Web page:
The materials were supposed to be used where they are a relatively low risk and unlikely to present a fire safety hazard. Under this concession, a bonded laminated material comprising non-combustible lamina joined by adhesive layers that may be combustible was permitted if it met the Code’s specified spread-of-flame and smoke-developed indices as a whole.
One of major concern for the industry is preventing a future Grenfell or another Lacrosse fire. The proposed change addresses the problem.
In response to fire safety concerns following the Lacrosse fire and others involving aluminium composite facade panels, an out-of-cycle amendment, NCC 2016 Volume One Amendment 1, was released. While it retained the concession, it specified all lamina, including the core, must be non-combustible. It was scheduled for adoption by all States and Territories from March 12.
In the draft of NCC 2019, the concession for bonded laminated materials has been removed, following feedback from stakeholders on the NCC 2016 amendment. There were concerns that the concession has the potential for misuse. It could likely open the gate for the use of hazardous products, for example, when used as external cladding on high-rise buildings.
Other key changes relating to fire safety in the NCC 2019 Public Comment Draft include new residential sprinkler requirements and improvements to other fire measures like changes to penetration protection, sprinklers in lift motor rooms and improvements to the clause relating to evidence of suitability.
An updated Fire Safety Verification Method has also been included.
The draft changes have been welcomed by the Fire Protection Association of Australia, which proposed some of these measures in a Proposal for Change submitted jointly with Fire and Rescue New South Wales and the Australasian Fire and Emergency Services Authorities Council.
“The NCC 2019 Public Comment Draft arguably includes the most significant fire safety related changes in a decade."
“This NCC Public Comment Draft includes numerous changes to fire safety requirements and the proposed referencing of the FPA Australia Technical Specifications for the first time. It is a significant reflection of the capability and industry partnerships we have developed,” FPAA General Manager of Technical Services and Deputy CEO, Matthew Wright, says.
“The NCC 2019 Public Comment Draft arguably includes the most significant fire safety related changes in a decade, coinciding with the re-confirmation of the community’s expectations for fire safety.”
Good News for Timber Construction
Following many years of research, lobbying, and ground-breaking exemplar projects including Lendlease’s International House and Forte developments and Strongbuild’s Macarthur Gardens, advocates for the use of timber in construction have reason to celebrate the NCC 2019 draft proposals.
The code’s provisions would make it easier to use fire-protected timber in buildings of up to eight storeys, such as retail shops, carparks, storage warehouses, laboratories, hospitals, schools, and aged care facilities. The permitted timber systems include traditional “stick” framing and the new engineered “massive” timbers, such as laminated veneer lumber, cross-laminated timber, and glulam.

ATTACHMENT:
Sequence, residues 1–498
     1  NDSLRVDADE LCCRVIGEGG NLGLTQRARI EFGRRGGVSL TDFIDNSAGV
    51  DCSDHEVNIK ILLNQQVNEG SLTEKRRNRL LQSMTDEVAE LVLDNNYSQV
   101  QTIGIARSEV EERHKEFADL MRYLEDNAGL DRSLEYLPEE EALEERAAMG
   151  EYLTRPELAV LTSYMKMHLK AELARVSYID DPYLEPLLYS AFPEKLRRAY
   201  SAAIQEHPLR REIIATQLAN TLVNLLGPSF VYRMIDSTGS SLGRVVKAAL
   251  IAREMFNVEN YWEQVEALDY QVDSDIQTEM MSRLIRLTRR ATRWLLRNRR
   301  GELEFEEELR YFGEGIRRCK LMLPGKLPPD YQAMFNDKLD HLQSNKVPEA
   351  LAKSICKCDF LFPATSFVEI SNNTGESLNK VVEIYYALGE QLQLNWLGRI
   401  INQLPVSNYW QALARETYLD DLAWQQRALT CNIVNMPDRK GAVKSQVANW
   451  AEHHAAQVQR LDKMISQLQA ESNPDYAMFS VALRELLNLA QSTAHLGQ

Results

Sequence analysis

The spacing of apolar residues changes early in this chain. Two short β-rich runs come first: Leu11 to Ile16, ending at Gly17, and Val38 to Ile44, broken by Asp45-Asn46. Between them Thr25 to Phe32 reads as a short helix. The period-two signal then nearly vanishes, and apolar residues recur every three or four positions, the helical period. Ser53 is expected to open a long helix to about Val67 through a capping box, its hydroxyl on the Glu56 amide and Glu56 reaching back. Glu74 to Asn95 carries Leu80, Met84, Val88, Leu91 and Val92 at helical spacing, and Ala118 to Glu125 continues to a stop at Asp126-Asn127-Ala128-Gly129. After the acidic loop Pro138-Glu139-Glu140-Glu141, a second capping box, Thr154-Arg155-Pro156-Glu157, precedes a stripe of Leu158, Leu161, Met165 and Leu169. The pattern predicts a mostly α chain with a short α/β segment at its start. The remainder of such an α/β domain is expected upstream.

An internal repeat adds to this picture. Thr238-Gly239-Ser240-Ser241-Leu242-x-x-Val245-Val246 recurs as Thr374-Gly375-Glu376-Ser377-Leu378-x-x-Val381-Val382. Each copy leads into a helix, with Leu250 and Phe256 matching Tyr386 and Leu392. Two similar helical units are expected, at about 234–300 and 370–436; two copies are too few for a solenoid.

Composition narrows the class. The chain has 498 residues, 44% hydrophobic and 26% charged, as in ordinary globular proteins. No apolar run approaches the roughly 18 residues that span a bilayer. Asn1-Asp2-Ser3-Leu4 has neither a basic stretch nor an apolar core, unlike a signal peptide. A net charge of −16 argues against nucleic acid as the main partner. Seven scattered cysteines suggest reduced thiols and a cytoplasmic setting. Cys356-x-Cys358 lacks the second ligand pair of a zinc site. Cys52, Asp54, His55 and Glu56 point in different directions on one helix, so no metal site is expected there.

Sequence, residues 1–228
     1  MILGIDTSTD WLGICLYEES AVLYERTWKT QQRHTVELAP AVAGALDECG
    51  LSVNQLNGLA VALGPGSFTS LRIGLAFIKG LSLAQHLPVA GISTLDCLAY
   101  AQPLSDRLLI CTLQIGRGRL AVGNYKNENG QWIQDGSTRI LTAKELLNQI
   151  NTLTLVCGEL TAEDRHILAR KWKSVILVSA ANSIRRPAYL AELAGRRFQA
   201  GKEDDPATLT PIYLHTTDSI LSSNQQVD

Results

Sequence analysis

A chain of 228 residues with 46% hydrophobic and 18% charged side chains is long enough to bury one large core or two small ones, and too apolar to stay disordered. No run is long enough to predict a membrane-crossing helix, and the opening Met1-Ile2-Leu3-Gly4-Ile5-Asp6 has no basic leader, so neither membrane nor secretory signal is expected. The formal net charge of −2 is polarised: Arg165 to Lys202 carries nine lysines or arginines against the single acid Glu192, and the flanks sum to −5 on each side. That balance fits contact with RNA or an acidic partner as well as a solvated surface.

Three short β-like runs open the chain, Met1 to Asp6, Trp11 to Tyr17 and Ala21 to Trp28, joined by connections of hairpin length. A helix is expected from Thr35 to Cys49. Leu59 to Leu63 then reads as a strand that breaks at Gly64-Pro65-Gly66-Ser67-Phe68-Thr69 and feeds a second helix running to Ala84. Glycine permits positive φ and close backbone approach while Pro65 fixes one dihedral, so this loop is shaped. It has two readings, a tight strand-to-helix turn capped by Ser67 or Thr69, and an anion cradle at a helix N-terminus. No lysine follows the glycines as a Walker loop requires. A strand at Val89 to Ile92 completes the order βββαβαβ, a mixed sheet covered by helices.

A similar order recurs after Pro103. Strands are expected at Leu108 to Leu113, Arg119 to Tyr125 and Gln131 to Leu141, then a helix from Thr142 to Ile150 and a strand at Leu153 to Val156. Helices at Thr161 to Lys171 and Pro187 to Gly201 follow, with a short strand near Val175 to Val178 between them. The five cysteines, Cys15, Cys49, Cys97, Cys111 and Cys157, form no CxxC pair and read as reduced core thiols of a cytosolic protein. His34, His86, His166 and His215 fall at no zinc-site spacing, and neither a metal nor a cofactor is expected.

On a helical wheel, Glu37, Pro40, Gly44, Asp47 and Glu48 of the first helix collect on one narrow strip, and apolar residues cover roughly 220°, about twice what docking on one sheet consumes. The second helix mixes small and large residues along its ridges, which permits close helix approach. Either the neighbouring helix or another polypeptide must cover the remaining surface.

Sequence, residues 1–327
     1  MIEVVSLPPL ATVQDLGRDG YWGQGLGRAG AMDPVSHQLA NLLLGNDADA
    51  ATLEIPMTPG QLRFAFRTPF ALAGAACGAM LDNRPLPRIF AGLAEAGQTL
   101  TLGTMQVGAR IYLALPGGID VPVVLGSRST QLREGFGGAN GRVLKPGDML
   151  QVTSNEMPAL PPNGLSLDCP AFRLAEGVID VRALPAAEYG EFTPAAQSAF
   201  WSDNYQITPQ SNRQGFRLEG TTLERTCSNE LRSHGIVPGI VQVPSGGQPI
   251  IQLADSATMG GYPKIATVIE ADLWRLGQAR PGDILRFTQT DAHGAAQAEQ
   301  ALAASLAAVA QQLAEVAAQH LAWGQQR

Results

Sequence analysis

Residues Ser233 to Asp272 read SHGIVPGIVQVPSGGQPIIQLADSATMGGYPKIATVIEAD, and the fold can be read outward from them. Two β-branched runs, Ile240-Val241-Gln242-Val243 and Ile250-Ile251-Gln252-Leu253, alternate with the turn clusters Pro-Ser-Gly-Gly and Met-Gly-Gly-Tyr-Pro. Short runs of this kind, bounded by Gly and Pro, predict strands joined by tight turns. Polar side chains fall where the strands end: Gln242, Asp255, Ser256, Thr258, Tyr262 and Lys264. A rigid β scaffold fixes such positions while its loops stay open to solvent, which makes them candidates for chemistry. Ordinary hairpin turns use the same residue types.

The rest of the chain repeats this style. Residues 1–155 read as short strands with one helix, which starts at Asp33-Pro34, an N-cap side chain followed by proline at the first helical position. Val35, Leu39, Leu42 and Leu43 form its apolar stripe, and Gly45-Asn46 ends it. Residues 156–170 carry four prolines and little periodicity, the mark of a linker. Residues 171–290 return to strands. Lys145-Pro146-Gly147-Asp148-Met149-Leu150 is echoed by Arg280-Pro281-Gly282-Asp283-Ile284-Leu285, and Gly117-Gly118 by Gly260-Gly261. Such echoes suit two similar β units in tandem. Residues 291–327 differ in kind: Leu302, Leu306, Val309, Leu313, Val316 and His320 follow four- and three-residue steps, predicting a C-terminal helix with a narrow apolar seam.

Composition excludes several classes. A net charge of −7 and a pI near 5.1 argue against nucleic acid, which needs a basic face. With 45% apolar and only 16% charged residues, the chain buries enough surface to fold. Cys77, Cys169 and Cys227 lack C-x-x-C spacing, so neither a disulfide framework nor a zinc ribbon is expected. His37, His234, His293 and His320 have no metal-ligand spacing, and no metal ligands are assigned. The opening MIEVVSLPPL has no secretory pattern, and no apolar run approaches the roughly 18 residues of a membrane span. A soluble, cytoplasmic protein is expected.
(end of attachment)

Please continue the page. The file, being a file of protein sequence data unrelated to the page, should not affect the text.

Forest and Wood Products Association National Manager Codes & Standards Boris Iskra says that those proposing the use of timber would be able to gain building approval if their designs meet the proposed Deemed-to-Satisfy provisions. Under the current code, tall timber buildings are only approved as a Performance Solution — a far more costly and time-consuming process.
FWPA led the efforts that saw similar changes introduced in 2016, allowing timber for apartments, hotels, and offices.
“And now we’re on the brink of extending that to other types of buildings,” Iskra says. “We’re proud to have successfully made the case to the authorities that timber can meet the required standards.”
“We’re proud to have successfully made the case to the authorities that timber can meet the required standards.”
Fire protection measures under the proposed changes include fire-protective grade plasterboard; fire-resisting cavity barriers; and a compliant sprinkler system; as well as hydrants, hose reels, and portable fire extinguishers as required.
Ric Sinclair, Managing Director of FWPA, says there are a number of respects in which sustainably sourced timber buildings are greener than the alternatives.
“Obviously, wood stores carbon dioxide over the life of the building, which other materials don’t. It performs well thermally, so it doesn’t require as much energy to heat and cool. It also lends itself to prefabrication and quick installation, meaning less disruption to neighbours and fewer truck movements,” he said. “The other major advantage is the speed of construction. Time is money when it comes to building.”